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The Importance of Being Earnest
2002 - PG-13 - 100 Mins.
Director: Oliver Parker
Producer: Barnaby Thompson, Uri Fruchtmann
Written By: Oliver Parker
Starring: Colin Firth, Rupert Everett, Reese Witherspoon, Judi Dench, Tom Wilkinson, Frances O'Connor, Anna Massey, Edward Fox
Review by: Joe Rickey
   

Why, you have a big hat, sir.
The Importance of Being Earnest is one modern adaptation that takes many liberties with its source work and therefore might not please purists. This new adaptation is certainly more visually appealing that forgoes its play roots. The classic dialog retains its wittiness in this 2002 adaptation and the acting is generally good enough that this update is a fairly entertaining film.
Algernon Moncrieff (Rupert Everett) and John Worthing (Colin Firth) are two friends in 1890’s England that are also eligible bachelors. The two friends also happen to be quite inventive individuals that have created alternate fictional personas for their own personal handiness. For example, Algernon would say that he has to tend to his fictious friend Bunbury’s ailing health if it was an event he doesn’t want to attend. The two friends then find their lying ways get them in trouble when they fall in love with two women and Algernon butts in on John’s budding relationship with Cecily Cardew (Reese Witherspoon), a young ward that John’s supposed to be caring for. John then falls in love with Algernon’s cousin (Frances O’ Connor), which greatly displeases Algernon because she’s his cousin. John wants to propose to her but Algernon’s great aunt (Judi Dench) will not allow is because John has no heritage. The rest of the film details how the two men deal with their collective mess they have found themselves in because of their lying ways.

The Importance of Being Earnest is directed and written by Oliver Parker based on the famous Oscar Wilde play. Parker previously adapted Wilde’s play An Ideal Husband back in 1999. His direction attempts to add some more liveliness to the proceedings by making the film appear less like it really is an adaptation of a play. He does this by changing the locales of some of the events to the outdoors, etc. He succeeds in making the film seem less like a stage production and the film more stimulating to the senses. Parker also wisely keeps the dialog style of Wilde and the film is better for it. What Parker doesn’t succeed in doing though is making the film continually enjoyable throughout its running time. As the plot continues to develop the viewers find themselves getting restless as they wait for the movie to come to its conclusion.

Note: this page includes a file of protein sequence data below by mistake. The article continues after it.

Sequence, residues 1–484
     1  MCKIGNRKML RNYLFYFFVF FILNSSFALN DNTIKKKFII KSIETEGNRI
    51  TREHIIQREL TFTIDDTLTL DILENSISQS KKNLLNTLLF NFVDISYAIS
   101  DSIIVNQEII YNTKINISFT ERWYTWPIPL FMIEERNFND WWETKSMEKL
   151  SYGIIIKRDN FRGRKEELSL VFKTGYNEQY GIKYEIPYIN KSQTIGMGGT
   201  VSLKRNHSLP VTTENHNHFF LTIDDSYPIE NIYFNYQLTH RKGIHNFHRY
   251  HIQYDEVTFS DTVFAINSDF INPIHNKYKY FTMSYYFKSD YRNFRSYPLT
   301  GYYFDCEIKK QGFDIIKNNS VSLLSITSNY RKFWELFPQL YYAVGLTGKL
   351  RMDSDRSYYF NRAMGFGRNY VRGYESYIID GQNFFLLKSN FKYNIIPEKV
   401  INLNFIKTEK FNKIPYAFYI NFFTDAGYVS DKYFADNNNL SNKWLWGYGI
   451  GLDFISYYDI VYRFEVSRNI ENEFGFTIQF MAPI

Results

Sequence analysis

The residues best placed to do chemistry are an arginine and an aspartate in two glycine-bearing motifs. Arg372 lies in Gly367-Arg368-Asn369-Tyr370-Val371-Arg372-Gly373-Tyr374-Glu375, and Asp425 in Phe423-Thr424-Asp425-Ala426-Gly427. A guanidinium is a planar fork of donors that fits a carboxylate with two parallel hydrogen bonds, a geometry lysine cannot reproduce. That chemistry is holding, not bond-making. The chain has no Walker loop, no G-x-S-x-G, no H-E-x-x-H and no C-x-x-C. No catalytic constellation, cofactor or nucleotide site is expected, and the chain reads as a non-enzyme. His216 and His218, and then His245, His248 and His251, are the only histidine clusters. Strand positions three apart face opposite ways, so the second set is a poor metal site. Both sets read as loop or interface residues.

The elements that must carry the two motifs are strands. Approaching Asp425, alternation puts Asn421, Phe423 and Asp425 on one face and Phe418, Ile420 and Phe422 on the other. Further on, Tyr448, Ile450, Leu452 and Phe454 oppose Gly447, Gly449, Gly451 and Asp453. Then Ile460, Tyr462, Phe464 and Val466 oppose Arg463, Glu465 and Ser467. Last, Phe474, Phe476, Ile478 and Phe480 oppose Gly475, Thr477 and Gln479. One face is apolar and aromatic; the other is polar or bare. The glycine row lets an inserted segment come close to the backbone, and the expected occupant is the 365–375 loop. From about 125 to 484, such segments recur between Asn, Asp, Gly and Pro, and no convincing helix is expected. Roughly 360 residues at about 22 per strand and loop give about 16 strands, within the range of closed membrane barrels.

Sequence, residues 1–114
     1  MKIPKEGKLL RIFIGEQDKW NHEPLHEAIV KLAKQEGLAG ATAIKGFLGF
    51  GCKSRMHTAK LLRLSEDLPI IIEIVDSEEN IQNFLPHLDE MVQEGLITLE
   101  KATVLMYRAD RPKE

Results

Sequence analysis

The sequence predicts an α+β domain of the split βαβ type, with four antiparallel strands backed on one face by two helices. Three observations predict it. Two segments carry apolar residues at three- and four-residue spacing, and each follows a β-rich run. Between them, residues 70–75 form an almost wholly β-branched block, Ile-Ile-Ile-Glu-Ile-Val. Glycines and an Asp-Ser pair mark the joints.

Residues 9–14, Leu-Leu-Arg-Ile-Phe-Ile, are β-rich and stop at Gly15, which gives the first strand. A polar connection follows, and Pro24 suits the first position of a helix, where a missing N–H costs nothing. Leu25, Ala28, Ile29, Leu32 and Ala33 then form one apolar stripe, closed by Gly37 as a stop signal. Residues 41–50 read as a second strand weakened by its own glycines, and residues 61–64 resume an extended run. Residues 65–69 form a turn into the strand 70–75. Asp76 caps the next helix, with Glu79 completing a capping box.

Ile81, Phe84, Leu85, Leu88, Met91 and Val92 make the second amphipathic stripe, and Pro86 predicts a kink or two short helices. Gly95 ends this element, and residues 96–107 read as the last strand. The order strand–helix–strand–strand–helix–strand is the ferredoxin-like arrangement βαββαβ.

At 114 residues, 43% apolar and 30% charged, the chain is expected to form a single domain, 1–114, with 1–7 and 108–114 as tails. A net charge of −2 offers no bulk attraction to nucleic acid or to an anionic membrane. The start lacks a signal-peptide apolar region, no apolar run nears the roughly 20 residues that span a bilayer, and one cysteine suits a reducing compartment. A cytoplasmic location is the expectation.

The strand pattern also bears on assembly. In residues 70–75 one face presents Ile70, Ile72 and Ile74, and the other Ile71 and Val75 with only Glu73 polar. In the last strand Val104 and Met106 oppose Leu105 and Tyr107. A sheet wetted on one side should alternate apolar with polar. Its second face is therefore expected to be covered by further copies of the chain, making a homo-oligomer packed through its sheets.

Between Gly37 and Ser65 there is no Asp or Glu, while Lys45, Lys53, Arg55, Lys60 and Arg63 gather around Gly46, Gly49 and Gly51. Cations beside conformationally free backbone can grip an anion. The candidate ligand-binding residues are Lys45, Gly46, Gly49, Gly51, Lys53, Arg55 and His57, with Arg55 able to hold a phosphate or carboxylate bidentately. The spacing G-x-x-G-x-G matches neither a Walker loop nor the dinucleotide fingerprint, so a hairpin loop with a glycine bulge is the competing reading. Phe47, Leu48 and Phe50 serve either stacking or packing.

The performances are okay for the most part. Rupert Everett successfully wrings all the laughs he can out of his character’s strange situation. Firth isn’t as successful because his character isn’t as developed or layered as his costar. Reese Witherspoon surprisingly pulls of her character’s English accent with aplomb and she does very well overall. Judi Dench is the weakest link because she overacts in her role as the snooty aunt. She attempts to chew the screen with her grating performance but it doesn’t work.

Overall, The Importance of Being Earnest is entertaining enough as an adaptation but not really worth seeing unless you know going in that its an stage to screen adaptation and doesn’t stray far from its roots.







 
Movie Guru Rating
Below Average.  Mediocre. Has substantial flaws, but is watchable. Below Average.  Mediocre. Has substantial flaws, but is watchable. Below Average.  Mediocre. Has substantial flaws, but is watchable.
  2.5 out of 5 stars

 
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